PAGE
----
Our right-leaning friends at the Massachusetts Fiscal Alliance are out with a new 2015-2016 scorecard tracking the votes of our state legislators for the session that just concluded.
Mass Fiscal, for those who aren’t familiar, is an advocacy group that has tax exempt status because it is “operated to promote social welfare.” What promotes social welfare, in Mass Fiscal’s view, is steadfast resistance to taxes, government spending and labor unions (often with an overtone of hostility toward immigrants that’s consistent with Mass Fiscal’s origins as a promoter of Voter ID laws).
Given these priorities, it’s not surprising that its scorecard ranks every Republican in the state legislature higher than any Democrat. And given the uses to which Mass Fiscal puts its scorecard, it’s not surprising that questions have arisen about the tax-exempt status it enjoys and whether it should be allowed to withhold all information about its sources of income.
This self-described electoral bigfoot specializes in communicating by direct mail. Here’s a brag about their clout in the 2014 statewide elections:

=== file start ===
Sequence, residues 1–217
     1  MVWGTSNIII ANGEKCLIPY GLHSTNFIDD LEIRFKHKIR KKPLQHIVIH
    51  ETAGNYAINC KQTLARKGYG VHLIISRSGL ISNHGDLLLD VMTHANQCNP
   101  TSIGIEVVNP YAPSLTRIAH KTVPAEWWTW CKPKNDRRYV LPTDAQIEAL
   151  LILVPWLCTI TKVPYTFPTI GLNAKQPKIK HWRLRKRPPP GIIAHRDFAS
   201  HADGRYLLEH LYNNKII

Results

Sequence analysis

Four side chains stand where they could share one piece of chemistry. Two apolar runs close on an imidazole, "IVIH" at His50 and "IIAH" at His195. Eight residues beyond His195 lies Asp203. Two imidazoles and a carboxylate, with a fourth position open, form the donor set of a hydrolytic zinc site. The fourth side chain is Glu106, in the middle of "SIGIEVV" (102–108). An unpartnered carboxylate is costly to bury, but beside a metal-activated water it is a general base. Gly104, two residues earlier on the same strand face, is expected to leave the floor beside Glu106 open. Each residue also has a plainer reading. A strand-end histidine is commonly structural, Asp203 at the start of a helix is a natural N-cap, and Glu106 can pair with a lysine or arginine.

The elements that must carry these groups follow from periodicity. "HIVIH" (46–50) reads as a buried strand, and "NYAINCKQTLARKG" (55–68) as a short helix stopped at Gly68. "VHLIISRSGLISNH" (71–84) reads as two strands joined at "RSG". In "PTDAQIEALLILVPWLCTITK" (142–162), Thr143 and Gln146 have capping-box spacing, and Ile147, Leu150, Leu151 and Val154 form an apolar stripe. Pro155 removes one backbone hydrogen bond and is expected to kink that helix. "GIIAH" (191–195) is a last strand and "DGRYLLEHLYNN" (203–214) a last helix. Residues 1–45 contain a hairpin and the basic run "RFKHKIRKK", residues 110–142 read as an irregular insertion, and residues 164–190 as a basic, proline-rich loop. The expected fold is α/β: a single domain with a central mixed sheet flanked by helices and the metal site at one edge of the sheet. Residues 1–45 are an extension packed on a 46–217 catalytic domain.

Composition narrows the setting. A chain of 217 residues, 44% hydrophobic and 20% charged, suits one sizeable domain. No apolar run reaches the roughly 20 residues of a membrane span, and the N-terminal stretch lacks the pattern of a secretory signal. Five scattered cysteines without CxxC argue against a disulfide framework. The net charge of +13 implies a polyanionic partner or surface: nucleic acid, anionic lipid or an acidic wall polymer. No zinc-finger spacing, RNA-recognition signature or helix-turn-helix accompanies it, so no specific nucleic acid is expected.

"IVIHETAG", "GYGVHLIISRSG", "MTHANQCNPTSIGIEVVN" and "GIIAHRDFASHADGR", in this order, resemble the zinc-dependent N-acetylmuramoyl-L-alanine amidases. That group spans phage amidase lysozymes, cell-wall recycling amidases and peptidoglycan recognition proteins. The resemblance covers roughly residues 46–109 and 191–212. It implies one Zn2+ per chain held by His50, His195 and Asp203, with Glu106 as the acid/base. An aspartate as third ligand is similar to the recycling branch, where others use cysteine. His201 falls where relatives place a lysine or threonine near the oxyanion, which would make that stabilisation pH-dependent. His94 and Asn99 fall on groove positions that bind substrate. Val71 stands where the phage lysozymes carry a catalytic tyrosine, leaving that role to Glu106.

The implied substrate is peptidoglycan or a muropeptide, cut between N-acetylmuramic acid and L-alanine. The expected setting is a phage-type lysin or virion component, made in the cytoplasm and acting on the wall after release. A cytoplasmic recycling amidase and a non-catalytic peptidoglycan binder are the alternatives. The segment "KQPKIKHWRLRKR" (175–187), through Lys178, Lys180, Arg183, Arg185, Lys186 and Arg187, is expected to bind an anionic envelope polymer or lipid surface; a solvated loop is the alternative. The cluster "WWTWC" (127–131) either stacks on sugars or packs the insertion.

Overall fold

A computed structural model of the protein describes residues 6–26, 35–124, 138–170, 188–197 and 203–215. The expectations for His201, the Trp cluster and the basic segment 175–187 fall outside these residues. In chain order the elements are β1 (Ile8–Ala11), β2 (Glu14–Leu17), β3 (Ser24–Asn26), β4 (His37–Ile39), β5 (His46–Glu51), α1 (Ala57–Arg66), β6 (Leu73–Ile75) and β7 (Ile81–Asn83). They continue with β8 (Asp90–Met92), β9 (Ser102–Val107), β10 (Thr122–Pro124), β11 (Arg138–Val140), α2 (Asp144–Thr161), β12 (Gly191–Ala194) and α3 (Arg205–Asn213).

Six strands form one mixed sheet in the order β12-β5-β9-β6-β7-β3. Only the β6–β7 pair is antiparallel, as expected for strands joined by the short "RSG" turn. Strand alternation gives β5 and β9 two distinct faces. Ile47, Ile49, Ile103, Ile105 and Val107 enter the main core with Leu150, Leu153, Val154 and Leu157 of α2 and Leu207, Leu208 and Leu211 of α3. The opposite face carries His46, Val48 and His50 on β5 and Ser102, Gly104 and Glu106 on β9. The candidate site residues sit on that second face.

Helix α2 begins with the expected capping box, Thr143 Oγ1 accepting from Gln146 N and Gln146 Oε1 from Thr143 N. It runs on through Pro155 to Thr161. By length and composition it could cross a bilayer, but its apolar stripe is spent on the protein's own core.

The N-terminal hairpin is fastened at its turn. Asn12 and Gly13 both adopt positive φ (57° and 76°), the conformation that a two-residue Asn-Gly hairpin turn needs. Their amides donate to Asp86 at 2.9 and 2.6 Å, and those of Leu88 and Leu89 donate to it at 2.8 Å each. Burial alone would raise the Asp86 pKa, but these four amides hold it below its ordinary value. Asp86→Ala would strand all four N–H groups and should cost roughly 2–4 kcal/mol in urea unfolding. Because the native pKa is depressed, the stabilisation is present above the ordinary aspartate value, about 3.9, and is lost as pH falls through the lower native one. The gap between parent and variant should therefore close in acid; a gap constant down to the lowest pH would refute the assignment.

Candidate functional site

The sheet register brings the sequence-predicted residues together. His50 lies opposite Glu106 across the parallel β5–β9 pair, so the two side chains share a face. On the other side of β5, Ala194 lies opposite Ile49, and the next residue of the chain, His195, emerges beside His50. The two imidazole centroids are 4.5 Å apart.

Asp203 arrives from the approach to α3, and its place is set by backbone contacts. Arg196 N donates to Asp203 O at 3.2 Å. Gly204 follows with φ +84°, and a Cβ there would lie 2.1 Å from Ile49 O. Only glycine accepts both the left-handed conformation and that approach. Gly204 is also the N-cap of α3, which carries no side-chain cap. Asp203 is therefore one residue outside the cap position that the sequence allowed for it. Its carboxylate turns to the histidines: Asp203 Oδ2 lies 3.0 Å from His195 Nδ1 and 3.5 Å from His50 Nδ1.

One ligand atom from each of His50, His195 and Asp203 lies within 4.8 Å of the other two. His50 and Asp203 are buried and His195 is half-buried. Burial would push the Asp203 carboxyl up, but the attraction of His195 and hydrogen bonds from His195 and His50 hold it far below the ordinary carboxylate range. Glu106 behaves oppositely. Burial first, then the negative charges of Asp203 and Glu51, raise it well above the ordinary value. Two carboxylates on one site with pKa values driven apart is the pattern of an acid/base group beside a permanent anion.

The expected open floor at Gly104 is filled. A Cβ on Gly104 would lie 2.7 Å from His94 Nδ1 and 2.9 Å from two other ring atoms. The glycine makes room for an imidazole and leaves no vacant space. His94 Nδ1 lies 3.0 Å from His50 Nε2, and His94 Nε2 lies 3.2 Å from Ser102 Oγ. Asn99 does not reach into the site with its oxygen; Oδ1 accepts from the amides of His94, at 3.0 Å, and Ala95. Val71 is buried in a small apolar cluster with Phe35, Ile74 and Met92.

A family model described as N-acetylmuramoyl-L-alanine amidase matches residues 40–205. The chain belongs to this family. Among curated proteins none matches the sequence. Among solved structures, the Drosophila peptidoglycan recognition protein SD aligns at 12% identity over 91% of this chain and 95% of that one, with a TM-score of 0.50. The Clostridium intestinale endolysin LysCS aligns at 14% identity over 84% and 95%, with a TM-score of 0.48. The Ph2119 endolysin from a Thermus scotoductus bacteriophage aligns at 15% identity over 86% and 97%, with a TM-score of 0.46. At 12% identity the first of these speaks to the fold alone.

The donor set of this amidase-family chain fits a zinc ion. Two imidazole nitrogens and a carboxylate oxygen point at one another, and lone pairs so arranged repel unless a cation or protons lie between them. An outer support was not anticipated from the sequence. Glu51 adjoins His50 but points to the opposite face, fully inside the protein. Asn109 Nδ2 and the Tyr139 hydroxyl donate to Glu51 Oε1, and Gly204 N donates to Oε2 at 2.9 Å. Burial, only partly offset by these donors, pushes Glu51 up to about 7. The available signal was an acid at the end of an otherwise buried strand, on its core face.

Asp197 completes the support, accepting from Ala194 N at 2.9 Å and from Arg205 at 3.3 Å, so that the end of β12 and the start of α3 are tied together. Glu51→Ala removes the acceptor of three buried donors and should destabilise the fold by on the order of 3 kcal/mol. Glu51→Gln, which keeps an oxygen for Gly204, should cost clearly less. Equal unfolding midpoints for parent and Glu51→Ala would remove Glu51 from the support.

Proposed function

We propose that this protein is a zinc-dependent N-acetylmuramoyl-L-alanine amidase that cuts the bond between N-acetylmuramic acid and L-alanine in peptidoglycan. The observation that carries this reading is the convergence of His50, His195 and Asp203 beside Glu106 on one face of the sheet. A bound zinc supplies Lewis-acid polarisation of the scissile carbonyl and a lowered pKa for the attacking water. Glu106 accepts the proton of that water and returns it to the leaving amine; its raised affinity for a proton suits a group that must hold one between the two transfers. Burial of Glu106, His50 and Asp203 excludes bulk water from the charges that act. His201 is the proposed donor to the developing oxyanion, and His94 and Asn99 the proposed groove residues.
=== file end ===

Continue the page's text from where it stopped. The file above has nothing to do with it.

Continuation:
Massachusetts Fiscal Alliance delivered more than 2,000,000 — that’s two million — pieces of direct mail and advocacy pieces to residents of the Commonwealth, highlighting our positions and those of lawmakers….Our campaign ran in 21 different legislative districts, with each district on average receiving 95,837 mailers. As part of our efforts, we used a strategy known as every-door direct mail, or EDDM. Through this method, we were able to contact as many residents and businesses as exist in the towns where we focused.
The Democratic lawmakers targeted by these direct mail efforts objected strenuously that their positions, as Mass Fiscal characterized them, were preposterously distorted. That objection was backed up by journalists including David Bernstein, who dismissed the scorecard’s claim “that certain targeted state legislators voted to prioritize illegal immigrants over veterans for public housing.” “That’s a crock,” he continued. “They did no such thing.”
Which brings us back to Mass Fiscal’s new scorecard, which includes House and Senate votes on a bill the legislature passed and Governor Baker signed this week that directly affects Mass Fiscal. The new law requires organizations that use direct mail for electioneering within 100 days of an election to disclose their five biggest donors of more than $5000, just as organizations that use paid television, internet and print advertising must do.
Not surprising that Mass Fiscal opposed the bill or that its scorecard describes the votes approving it as “deterring freedom of speech.” Whether the vote will be included in Mass Fiscal’s 2016 electioneering efforts (the new law is effective immediately) is rather doubtful, though — only 16 of the Legislature’s Republicans (fewer than half) took their side.